In the summer 1621, brightly dressed warriors began moving into the Ukrainian steppe from Moldova. These were Turkish Janizaries, Tatar horsemen and the soldiers of subjugated peoples - Syrians, Albanians, Greeks. Their huge army of 300,000 stretched over 120 kilometers.
At the Ukrainian-Moldovan border, near the ancient fortress of Khotyn, the young Turkish sultan, Osman II, proceeded to fulfil a major goal of the Ottoman Empire. He planned to defeat the armies of Poland and cross through German territory to reach the Baltic Sea.
The Battle of Khotyn lasted almost forty days. Europe looked on anxiously. But no monarch dared to help the Poles, because Europe was just getting into its Thirty Years War. Sweden, Russia and the English remained silent. Only the Cossacks deployed their detachments near the Polish camp to prevent the subsequent downfall of the Zaporizhzhyan Sich.
The Polish commander, Jan Khodkevych, and Hetman Petro Sagaydachny met before the battle. The conclusion of their talks was not comforting: The Turks had four times more troops and five times more cannons. Khodkevych suggested resorting to his tried and true tactic - digging in and letting the enemy dig him out. Sagaydachny tried to persuade him that they should attack the enemy first and insisted on an offensive battle. As commander-in-chief, Khodkevych allowed Sagaydachny to act as he thought best.
Saving the Poles
It was on the eve of the battle that the Hetman was wounded with that stray poison arrow. The arrow was removed, the wound treated, and Sagaydachny soon returned to command.
The Hetman knew that the Cossack musketeers would be the main target of Turkish assaults. The Polish army, which consisted largely of heavily armored cavalry, was not maneuverable on the confined battlefield. So to save his infantry, the Hetman ordered moats and trenches dug.
On September 2nd, clamorous field guns heralded the beginning of the battle. Cannon balls showered the Cossack camp. But the Cossacks themselves had taken cover in their trenches. After the bombardment, thousands of Janizaries began their assault and headed toward the ramparts. The Cossacks were commanded to stand up at the last minute and start firing their muskets. More than three thousand dead Turks filled the moat.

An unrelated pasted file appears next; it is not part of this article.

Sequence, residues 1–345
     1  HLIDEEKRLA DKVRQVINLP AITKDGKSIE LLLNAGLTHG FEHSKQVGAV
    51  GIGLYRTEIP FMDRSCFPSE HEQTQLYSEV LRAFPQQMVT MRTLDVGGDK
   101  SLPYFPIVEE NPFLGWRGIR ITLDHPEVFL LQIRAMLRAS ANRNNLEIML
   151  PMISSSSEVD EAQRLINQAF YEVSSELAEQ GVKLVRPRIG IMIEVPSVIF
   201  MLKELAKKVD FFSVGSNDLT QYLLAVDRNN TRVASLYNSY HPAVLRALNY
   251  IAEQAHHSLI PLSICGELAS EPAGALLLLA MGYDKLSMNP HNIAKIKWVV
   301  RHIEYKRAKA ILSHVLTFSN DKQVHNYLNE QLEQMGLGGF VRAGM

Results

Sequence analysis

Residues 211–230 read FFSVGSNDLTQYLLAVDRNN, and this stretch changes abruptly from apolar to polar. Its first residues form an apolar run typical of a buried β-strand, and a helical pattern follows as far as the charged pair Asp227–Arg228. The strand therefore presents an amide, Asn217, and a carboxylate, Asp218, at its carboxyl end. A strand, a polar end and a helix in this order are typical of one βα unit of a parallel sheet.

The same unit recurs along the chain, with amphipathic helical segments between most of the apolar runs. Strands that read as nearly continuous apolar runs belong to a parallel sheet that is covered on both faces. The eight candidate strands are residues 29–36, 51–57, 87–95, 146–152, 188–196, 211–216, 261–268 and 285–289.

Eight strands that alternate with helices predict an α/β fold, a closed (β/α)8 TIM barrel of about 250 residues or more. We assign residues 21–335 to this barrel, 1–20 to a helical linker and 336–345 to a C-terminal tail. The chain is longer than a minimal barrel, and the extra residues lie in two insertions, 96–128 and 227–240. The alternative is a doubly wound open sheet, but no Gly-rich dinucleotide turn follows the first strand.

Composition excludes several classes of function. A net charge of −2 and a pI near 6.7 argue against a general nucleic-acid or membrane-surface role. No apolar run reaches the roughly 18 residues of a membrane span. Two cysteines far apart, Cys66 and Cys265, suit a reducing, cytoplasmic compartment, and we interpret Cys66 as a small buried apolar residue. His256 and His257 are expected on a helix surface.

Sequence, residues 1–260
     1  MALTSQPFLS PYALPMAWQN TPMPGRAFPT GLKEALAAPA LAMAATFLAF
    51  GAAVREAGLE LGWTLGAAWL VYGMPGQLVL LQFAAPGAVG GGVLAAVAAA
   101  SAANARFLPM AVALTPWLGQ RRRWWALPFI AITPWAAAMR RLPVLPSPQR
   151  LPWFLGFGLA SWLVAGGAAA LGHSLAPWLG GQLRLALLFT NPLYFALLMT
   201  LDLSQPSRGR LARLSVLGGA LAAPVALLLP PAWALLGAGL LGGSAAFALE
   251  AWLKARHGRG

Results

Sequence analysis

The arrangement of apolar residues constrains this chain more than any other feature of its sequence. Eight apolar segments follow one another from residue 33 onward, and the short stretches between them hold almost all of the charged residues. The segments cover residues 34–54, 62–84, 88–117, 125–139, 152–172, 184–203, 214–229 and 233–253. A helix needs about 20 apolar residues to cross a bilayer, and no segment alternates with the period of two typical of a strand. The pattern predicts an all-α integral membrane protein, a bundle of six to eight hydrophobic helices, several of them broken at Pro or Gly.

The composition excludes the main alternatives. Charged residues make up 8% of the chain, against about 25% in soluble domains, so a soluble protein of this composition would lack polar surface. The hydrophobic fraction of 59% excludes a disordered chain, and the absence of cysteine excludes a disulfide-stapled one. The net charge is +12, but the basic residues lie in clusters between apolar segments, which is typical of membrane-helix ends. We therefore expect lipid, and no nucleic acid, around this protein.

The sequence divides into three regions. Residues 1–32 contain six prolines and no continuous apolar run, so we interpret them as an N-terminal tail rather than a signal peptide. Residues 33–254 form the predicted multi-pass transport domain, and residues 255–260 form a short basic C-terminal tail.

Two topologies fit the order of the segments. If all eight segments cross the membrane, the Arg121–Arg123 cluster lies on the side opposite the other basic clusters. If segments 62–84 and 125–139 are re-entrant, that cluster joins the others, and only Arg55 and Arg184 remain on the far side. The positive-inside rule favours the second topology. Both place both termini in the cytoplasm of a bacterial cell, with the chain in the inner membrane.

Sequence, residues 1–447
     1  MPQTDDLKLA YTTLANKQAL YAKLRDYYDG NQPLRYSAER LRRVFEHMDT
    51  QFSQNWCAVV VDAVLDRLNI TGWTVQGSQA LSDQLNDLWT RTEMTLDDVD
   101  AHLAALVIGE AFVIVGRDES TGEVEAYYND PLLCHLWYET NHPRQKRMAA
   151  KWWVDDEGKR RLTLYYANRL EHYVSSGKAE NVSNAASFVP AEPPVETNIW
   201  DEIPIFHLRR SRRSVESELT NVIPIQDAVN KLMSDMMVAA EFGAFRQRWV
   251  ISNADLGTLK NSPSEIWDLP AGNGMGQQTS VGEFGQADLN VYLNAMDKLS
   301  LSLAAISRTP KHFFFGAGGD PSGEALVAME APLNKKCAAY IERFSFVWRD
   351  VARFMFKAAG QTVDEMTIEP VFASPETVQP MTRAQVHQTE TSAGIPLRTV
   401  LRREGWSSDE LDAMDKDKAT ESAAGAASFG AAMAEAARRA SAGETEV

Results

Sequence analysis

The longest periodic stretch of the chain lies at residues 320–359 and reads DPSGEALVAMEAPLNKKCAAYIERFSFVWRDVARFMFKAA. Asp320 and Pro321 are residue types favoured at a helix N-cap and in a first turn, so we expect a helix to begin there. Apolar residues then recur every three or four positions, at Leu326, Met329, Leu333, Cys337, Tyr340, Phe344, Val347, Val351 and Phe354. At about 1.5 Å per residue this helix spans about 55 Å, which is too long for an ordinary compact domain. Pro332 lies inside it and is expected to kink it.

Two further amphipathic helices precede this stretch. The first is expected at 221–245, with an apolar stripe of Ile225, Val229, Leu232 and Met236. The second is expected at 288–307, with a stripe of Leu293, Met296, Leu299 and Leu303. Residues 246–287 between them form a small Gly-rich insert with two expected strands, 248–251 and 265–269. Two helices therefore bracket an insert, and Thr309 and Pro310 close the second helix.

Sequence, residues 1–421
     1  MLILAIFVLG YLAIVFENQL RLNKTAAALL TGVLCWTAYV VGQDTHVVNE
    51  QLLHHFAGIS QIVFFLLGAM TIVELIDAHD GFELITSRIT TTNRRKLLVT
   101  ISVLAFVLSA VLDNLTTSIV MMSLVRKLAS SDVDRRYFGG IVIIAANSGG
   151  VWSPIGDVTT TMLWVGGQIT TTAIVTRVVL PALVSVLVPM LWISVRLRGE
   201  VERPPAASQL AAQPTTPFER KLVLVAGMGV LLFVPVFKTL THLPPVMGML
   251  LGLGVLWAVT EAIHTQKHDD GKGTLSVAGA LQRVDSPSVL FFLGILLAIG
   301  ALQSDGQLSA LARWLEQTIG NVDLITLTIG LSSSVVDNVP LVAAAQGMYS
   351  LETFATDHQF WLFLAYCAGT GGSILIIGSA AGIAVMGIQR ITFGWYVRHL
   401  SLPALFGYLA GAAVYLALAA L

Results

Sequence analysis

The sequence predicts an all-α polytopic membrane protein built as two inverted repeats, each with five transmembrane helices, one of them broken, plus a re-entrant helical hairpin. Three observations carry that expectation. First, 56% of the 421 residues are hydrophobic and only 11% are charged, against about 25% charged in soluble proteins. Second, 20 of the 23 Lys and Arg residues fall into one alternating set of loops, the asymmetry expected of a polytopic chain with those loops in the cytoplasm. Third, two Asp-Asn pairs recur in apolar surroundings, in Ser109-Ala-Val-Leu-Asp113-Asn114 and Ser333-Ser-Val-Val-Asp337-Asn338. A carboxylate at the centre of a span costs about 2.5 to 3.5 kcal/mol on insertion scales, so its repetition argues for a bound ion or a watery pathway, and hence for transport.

The next assault was met by a new Cossack maneuver: Sagaydachny's forces cleared the center of the field and moved to the flanks. The Turks rushed forward to soon find themselves under fire from both sides. This tactic would be reinvented in the 20th century.
Sagaydachny was good at applying experience he had accumulated in sea battles. His major advantages were swiftness, surprise and the counterattack. During one raid by his cavalry units deep into the enemy rear, Sagaydachny almost captured the sultan. The Hetman got close enough to make out the tent of Osman II, who was only saved by the arrival of mounted Turkish swordsmen. The Turks lost a quarter of their army to such attacks, which were usually carried out at night.
Realizing that his prestige was at stake, the sultan drove and drove his soldiers to attack. In all, the Cossacks repulsed nine fierce assaults. But the Turks were unable to get past the ramparts and trenches built by the Cossacks. Such was the efficiency of the musket fire of Cossack infantry. Finally, on October 5th, 1621, the cannons went silent. The Turks signed the Khotyn Peace Treaty, thereby destroying the myth of their invincibility.
Sagaydachny, the savior of Europe and Poland, was taken to Kyiv in a splendid carriage that belonged to the Polish King. Not long thereafter, in the spring of 1622, he died from the poison arrow. Preparing the already ill Hetman for his trip home, nobody noticed that his most precious reward had disappeared. The Polish King had presented the Ukrainian commander with a golden sword encrusted with diamonds. The Hetman appreciated this knightly symbol. It signified that Poland recognized the Zaporizhzhyan Cossacks as a legitimate military force rather than just a mob of thugs.
The Poles must have been afraid that the beautiful sword might end up in the hands of some unworthy Cossack successor to Sagaydachny. Today, there are influential forces in Ukraine that do not like Hetman Sagaydachny and degrade his significance. His equestrian statute was erected in Kyiv's Kontraktova Square. Although this place is historical, it is rather modest. The monument lacks the grandeur and location of a similar statue to Bogdan Khmelnitsky - Moscow's friend. This cool attitude by many Ukrainians toward Sagaydachny can be explained by the fact that in 1618 his Cossack cavalry almost seized Moscow, having attacked several towns and defeated the regiments of two Moscow princes on the way. He was only slowed down on account of heavy rain.
Now it looks as if Sagaydachny was punished by somebody for his historic choice of enemies. His statue holds a humble mace instead of his legendary sword, showing that he was not a gifted commander but an ordinary hetman. As for the sword, it is still in the possession of his one-time allies, exhibited at the State Art Collection in the Polish city of Krakow.
Ukraine, 1995, Petro Sahaydachny
Ukraine, 2002, Petro Sahaydachny monument